11 susceptibility data. You can tell these apart in the tables because they will have a regimen listed in the comments box. For sponsor supported interpretive criteria, no regimen is necessary since the regimen related to the interpretive criteria is the label regimen. Ampicillin a. Swine Streptococcus suis, Bordetella bronchiseptica, Pasteurella multocida, Actinobacillus pleuropneumoniae Penicillin G a. Cattle Mannheimia haemolytica, Pasteurella multocida, Histophilus somni b. Swine Streptococcus suis, Pasteurella multocida c. Swine Streptococcus suis, Pasteurella multocida, Actinobacillus pleuropneumoniae (class representative, injectable only) d. Cattle Mannheimia haemolytica, Pasteurella multocida Respiratory disease (class representative, injectable only) For some antimicrobials used in veterinary medicine, the CLSI/VAST Subcommittee has found it necessary to use human-derived breakpoints since no sponsor has brought the information to the subcommittee to develop approved breakpoints. The VAST Subcommittee is working on developing generic breakpoints for veterinary labels without approved breakpoints and for extralabel uses. The following antimicrobials have human-derived breakpoint criteria adapted by the VAST Subcommittee. Aminoglycosides amikacin, gentamicin, kanamycin β-lactams amoxicillin-clavulanic acid, ticarcillin-clavulanic acid ampicillin, oxacillin, penicillin, ticarcillin, imipenem, cefazolin Others erythromycin, chloramphenicol, trimethoprim-sulfamethoxazole rifampin, sulfisoxazole, tetracyclines, vancomycin For these antimicrobials, and for extralabel use of antimicrobials with approved veterinary breakpoints, it is necessary to evaluate the susceptibility testing results in light of the MIC breakpoint used and the pharmacokinetics/pharmacodynamics of the animal and pathogen being treated. Interpreting susceptibility testing for extralabel applications (for sponsored interpretive criteria related to label regimens) and for human breakpoints. When the disk diffusion method is used for extralabel applications, not only are the dilution MICs suspect as to clinical application, but there is also the question of if the zone diameter criteria still correlate to the MICs. The take-home message is to know what susceptibility testing situations have veterinary approved breakpoints. For unapproved breakpoints, susceptible is Apley, Susceptibility Testing, Virginia VMA, , Page 11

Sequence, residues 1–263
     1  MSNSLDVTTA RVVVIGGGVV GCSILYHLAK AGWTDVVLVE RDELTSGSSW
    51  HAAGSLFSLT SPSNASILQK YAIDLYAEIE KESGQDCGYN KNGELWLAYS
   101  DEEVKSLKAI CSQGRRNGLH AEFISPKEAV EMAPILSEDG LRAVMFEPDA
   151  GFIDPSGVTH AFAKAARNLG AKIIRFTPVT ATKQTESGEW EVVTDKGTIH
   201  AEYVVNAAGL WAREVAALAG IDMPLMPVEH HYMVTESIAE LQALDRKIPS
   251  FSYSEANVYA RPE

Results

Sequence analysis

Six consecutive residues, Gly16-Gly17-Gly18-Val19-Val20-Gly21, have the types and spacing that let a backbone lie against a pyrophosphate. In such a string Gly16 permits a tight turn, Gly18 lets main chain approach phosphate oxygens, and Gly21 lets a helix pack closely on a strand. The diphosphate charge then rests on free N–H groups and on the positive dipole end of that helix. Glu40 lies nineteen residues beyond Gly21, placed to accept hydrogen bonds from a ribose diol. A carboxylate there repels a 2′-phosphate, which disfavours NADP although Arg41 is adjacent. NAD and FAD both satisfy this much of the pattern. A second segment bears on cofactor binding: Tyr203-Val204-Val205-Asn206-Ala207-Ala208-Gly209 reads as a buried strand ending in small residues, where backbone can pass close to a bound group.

12 probably better than resistant, as this may place the S pathogen in a defined population of zone diameters or MICs, but the S result does not necessarily mean that there is an increased chance for clinical success. What about susceptibility testing where CLSI veterinary-specific interpretive criteria are not available? A distinction between veterinary-specific interpretive criteria and criteria adapted from human medicine is made in VET01-A4. Minimal Inhibitory Concentration and Zone-Size Interpretive Criteria VET01-S2 Table 2B lists the interpretive criteria for which there are no animal species-specific breakpoints, but for which criteria for infections in humans are available. For those agents for which veterinary-specific interpretive criteria are not available, use caution when using these values in relation to veterinary bacterial isolates for three reasons. First, the value listed in the gray shaded areas listed in VET01-S2 Table 2B were developed in human medicine by comparing zone diameters to MICs in broth or agar dilution tests and from population distributions of zones and/or MICs of known susceptible and resistant strains. Second, the MICs and correlated zone-size distributions were analyzed in relation to the clinical pharmacokinetics of the drug from normal dose-ranges and regimens in humans. Third, the in vitro and pharmacologic data have been analyzed in relation to studies of clinical outcome of treatment of specific human pathogens. Additionally, caution should be exercised in using the interpretive criteria listed in VET01-S2 Table 2A. These criteria apply to particular uses of the antimicrobial drugs in specific animal species. Extension of these data to other disease indications or other animal species may lead to an incorrect prediction of clinical outcome. Antimicrobial concentrations differ across regions of the body depending on the specific drug, route of administration, drug formulation, and the animal's metabolism. These differences can profoundly affect clinical performance of the drug. Therefore, the subcommittee has listed only approved animal species and pathogens in VET01- S2 Table 2A to define those conditions where interpretive criteria are known to be applicable. How do susceptibility testing results apply to clinical outcomes in the field? A susceptibility testing result does not guarantee the treatment outcome of the specific animal from which the isolate was collected. The result indicates that the animal is in a population of an animal-drug regimen-pathogen relationship with a characteristic relationship between the probability of the different possible clinical outcomes. There may be failures with S isolates and there may be successes with R isolates. When these susceptibility testing criteria are applied to situations where clinical and/or pharmacokinetic data have not been correlated to clinical outcome, then this relationship of S, I, and R to clinical outcome may or may not exist. Apley, Susceptibility Testing, Virginia VMA, , Page 12